end Lyle Alzado, who received a tremendous booing from the Denver fans for whom
he'd performed so ably for eight years, said, "Let's be honest. I got tired
And All-Pro left
defensive end Howie Long said, "In the second half we were pinching our
ends down on every play and they were still trapping us. It was unbelievable.
It was like they were taking us out of the game."
In the last Super
Bowl the Redskins tried to run straight at the Raiders and got squashed. The
Broncos did it differently, cracking down with two, even three tight ends,
angle-blocking them, trapping them. San Diego had showed the world—not to
mention Denver—that it could be done in the Monday-nighter earlier in the week.
Of course, L.A. had made it easier for the Chargers by opening the game in a
modified nickel defense, in which 235-pound inside linebacker Bob Nelson was
replaced by the nickel back, 190-pound Odis McKinney. Fine, said the Chargers.
You want to go nickel, we'll run the ball. And they did. McKinney found himself
staring at a guard, and Earnest Jackson, the San Diego tailback, got a
career-high 155 yards. But the odd thing was that the Raiders never got out of
the nickel. It was arrogance: You're not going to beat us running the ball.
Even weirder was
that on Denver's last 10-play drive on Sunday Los Angeles was in the same set.
Even when the Broncos went with three tight ends and it was obvious that they
were going to pound away, the Raiders kept their nickel back on the field. It
was only when Denver had a second-and-two near midfield and the clock showed
1:48 that L.A. brought in the big goal-line people.
Give Bronco coach
Dan Reeves credit for putting together the game plan. Reeves is unique among
NFL coaches: He has never lost to a defending Super Bowl champ in his four
years as a head coach. He's 4-0 against them; he's the man who shot Johnny
Ringo. Denver beat the Raiders twice in '81 and the 49ers once in '82. The
Broncos didn't play the Skins last season. Reeves's game plan this time called
for a power approach—three tight ends on occasion, once in a while an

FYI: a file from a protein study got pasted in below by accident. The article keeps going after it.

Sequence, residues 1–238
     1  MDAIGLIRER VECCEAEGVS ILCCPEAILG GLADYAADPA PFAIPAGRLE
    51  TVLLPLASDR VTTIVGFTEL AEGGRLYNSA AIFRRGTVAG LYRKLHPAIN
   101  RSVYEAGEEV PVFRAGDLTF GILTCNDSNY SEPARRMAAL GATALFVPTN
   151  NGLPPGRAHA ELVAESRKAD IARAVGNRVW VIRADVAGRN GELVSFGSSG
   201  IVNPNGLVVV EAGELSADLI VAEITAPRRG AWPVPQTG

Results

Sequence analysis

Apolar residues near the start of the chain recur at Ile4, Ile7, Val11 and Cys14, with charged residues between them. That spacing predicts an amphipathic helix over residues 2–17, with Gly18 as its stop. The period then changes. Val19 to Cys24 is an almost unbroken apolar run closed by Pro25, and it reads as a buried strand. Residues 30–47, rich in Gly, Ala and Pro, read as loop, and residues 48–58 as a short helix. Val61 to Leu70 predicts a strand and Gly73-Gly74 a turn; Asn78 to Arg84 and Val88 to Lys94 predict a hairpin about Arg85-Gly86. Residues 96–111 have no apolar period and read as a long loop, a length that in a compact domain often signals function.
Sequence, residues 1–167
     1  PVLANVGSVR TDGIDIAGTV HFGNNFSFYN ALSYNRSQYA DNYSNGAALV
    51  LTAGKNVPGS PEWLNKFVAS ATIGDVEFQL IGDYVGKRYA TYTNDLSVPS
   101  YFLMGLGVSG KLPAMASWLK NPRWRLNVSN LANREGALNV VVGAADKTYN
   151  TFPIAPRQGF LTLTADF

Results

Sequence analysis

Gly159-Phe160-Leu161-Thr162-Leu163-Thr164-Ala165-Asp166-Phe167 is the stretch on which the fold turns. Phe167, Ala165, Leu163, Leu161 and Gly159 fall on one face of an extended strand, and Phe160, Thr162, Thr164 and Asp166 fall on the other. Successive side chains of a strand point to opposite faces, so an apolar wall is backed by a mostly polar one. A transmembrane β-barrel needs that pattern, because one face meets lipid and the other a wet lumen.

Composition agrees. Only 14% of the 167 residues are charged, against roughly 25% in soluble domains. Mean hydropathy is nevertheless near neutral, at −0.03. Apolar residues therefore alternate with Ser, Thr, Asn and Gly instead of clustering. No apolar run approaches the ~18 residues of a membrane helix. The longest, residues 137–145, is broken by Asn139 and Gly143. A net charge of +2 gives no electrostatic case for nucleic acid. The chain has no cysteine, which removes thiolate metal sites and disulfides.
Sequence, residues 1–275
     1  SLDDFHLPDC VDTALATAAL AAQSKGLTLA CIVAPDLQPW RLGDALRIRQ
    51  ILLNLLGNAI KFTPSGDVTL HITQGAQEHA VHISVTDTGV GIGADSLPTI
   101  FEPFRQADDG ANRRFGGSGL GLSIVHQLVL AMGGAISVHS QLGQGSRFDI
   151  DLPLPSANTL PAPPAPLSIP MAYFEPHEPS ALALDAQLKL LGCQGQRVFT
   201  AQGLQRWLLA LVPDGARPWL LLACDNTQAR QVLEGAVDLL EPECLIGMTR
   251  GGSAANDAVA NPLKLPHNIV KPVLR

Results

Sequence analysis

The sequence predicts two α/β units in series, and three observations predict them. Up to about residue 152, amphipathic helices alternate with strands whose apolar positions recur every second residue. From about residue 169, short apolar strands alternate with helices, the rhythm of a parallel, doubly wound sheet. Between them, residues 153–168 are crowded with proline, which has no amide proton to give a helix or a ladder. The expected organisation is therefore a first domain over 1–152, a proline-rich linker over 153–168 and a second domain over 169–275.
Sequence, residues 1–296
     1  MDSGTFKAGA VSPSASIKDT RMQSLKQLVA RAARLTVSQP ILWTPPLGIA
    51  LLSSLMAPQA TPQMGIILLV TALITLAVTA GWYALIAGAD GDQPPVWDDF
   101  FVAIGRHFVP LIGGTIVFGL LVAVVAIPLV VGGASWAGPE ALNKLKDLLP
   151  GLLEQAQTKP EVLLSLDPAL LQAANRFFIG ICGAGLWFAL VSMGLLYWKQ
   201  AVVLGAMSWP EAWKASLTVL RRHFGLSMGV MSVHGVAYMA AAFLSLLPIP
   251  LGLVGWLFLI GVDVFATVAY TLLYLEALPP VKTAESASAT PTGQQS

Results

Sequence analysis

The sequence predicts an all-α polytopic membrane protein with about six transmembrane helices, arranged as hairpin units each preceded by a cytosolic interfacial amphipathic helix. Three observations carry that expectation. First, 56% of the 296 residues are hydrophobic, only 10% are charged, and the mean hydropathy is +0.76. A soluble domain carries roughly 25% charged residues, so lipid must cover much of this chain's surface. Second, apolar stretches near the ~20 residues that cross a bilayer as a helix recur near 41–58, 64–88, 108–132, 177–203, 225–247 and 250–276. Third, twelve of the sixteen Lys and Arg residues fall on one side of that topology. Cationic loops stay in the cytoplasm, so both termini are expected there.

unbalanced line with left tackle Dave Studdard, who did a magnificent job
Sunday, switching over to the right side. He even went with three tackles,
unbalancing the line with two of them on one side.
that scheme died in the third quarter, when one of the Denver tackles, Ken
Lanier, got thrown out of the game. It happened on a third-and-goal play from
the Raider two-yard line. Elway went back to pass and wound up scrambling to
his right and falling short of the goal line. Meanwhile, on the left side of
the field, a tremendous brawl had developed between Lanier and Los Angeles's
goal-line monster, 6'7", 280-pound Sean Jones, a rookie. When the smoke had
cleared, the play was nullified, Lanier was ejected and the Broncos got a
19-yard field goal from Rich Karlis.
Lanier is a
holder, a strangler, a takedown artist. Long, his foe in Denver's regular
alignment, bit the dirt many times in Lanier's grasp, but Jerry Markbreit's
officiating crew doesn't like to call offensive holding penalties. Only one was
assessed on Denver all day—on Lanier in the first quarter.
"As soon as
the fight started," Bronco center Billy Bryan said, "No. 99 [Jones]
yanked Kenny's helmet off. When they threw Ken out I couldn't believe
saying nothing; it's all on the films," Lanier said, but Jones offered a
more informative picture. "Yeah, I guess I pulled his helmet off. But I had
him squared up, I was zeroed in on Elway before he sprinted out, and Lanier
just twisted me and yanked me down. The fight is my fault—for losing my
cool—but this stuff is just getting ridiculous. Guys are holding us, tugging on
us, and the officials aren't calling the fouls. It gets into people's minds
that the Raiders play this kind of football, so other teams think they can get
away with anything against us."
It was a nasty
game. The L.A. defense has come to be known as the Three P's—for punching,
pushing and pointing—but on Sunday the Broncos more than held their own in